Friends of the Earth International and other civil society debaters took part in daily mobilisations outside of the summit, demanding the repayment of climate debt, the exclusion of the World bank and other financial institutions from the climate debate, and the rights of indigenous peoples, fisherfolk and women to be protected.  The civil society forums held by FoEI and others focused on how to achieve real solutions to climate justice without risking people or the planet.

 

The talks did not meet the hopes and expectations of the civil society debaters - instead of real solutions and displays of innovation, discussion was centred on trying to get the United States to enter into an agreement, even proposing to dispose of the second commitment period of the Kyoto Protocol, arguing this would be the only way to effectively tackle climate change.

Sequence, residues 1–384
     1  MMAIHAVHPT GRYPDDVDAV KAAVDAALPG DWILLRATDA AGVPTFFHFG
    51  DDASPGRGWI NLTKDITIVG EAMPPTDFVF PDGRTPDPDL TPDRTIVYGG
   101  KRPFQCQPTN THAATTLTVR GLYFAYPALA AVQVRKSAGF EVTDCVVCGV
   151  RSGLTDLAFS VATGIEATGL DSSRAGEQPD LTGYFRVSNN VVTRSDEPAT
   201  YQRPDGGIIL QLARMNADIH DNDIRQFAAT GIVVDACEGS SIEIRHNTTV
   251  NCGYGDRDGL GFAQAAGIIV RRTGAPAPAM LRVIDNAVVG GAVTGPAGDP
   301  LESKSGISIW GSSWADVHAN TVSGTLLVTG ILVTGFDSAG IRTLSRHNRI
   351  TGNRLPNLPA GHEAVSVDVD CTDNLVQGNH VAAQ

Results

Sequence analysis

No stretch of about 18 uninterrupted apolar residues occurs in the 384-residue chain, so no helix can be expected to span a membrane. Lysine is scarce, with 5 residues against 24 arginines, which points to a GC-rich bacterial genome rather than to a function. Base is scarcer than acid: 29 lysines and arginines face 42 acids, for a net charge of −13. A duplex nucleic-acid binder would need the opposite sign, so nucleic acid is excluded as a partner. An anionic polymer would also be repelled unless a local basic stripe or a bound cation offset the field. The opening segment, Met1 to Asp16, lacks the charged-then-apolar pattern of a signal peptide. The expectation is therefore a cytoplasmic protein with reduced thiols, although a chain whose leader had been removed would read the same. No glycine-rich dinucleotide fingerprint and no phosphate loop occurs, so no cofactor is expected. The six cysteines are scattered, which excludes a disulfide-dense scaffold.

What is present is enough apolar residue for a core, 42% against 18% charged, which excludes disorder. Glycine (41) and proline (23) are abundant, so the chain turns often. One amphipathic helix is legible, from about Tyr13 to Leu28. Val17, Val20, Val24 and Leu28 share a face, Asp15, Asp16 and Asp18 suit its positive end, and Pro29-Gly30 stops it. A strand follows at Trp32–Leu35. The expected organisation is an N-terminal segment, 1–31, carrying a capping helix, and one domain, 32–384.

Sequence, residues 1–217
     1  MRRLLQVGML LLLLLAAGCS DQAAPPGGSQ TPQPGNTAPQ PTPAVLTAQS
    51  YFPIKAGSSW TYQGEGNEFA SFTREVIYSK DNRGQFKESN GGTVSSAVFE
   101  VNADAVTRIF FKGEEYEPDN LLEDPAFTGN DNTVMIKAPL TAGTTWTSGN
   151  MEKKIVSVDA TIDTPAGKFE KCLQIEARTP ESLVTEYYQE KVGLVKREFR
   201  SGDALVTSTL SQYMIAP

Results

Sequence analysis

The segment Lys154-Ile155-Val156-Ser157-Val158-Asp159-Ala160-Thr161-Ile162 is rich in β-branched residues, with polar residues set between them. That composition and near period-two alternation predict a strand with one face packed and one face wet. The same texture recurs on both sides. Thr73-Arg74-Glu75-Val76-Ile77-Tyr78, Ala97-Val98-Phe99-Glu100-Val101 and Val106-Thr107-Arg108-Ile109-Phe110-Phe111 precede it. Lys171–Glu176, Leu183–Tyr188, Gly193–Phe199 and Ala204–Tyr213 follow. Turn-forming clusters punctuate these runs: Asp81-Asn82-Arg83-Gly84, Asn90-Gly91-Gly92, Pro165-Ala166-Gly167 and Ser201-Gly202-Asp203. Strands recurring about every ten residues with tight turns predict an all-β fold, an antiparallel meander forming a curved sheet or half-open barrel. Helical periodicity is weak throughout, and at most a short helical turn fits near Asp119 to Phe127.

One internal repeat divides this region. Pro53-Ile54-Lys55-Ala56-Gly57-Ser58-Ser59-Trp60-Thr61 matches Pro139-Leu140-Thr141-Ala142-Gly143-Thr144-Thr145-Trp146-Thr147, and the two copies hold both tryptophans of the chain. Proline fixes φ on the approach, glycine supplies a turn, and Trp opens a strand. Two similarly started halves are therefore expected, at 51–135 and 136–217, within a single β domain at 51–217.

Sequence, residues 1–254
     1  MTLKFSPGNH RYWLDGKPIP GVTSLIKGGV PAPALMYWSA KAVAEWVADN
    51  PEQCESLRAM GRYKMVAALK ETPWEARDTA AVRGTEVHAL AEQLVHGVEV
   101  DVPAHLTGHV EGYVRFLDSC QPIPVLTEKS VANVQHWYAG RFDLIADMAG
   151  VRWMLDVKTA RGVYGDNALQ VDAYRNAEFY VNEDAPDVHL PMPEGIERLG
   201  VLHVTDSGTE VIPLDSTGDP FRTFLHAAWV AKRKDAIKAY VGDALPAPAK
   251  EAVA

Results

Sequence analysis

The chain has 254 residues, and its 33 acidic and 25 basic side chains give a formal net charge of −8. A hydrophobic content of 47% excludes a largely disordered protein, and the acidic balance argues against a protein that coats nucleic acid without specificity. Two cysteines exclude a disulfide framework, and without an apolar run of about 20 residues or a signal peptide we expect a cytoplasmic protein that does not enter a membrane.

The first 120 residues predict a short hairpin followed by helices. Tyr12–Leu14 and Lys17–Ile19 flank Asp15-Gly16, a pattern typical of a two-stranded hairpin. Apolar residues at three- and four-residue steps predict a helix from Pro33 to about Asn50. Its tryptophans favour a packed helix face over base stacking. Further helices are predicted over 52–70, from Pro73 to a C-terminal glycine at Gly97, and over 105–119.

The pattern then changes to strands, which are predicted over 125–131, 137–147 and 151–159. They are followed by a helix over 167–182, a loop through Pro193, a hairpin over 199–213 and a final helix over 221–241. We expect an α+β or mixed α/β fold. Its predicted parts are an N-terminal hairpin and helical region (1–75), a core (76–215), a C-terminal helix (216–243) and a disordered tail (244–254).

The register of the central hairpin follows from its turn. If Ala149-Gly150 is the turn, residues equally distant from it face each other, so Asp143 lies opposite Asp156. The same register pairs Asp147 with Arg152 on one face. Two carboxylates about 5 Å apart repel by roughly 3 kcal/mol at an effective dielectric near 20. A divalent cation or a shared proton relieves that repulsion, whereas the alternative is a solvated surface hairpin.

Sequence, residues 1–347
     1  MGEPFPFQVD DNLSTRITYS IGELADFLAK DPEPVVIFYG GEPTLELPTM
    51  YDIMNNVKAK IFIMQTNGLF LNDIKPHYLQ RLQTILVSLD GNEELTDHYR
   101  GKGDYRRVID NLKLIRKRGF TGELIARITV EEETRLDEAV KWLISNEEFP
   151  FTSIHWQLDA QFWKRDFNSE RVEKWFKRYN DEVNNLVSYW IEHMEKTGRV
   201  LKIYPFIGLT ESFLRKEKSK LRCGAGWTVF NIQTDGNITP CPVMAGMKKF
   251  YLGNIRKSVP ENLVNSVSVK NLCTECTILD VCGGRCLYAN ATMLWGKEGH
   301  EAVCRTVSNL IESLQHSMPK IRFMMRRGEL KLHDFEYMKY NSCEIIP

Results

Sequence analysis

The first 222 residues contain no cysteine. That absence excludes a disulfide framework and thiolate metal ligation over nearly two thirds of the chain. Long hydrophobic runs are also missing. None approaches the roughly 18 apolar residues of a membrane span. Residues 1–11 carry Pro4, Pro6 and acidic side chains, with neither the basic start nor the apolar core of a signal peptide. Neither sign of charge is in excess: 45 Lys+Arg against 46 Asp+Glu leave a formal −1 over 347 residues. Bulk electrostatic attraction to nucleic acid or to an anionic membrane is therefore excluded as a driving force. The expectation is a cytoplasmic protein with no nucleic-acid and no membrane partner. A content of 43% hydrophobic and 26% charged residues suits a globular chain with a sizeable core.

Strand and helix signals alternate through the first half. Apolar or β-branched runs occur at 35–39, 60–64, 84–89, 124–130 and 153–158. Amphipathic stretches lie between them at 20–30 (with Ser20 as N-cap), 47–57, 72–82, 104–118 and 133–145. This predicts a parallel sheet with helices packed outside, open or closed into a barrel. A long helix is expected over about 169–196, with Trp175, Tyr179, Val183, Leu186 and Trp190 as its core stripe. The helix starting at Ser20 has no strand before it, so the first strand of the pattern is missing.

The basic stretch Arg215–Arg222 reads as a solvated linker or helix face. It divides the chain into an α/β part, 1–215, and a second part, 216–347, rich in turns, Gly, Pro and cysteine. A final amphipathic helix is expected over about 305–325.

Bangkok protestsThere was also no agreement on developing countries' role in combating climate change, and the developed countries refused to accept the proposal that they finance the mitigation, adaptation and technology needs of developing countries through new democratic financial institutions other than the World Bank.

 

The next talks ahead of the Copenhagen climate summit will be held in Barcelona from November 2-6. 

 

 

blogs

Read the introductory blog from Bangkok.

Read the closing blog post wrapping up the summit

Watch video blogs


photos

See pictures of the summit

 

further information

Find out more about the talks on the United Nations Framework Convention on Climate Change website.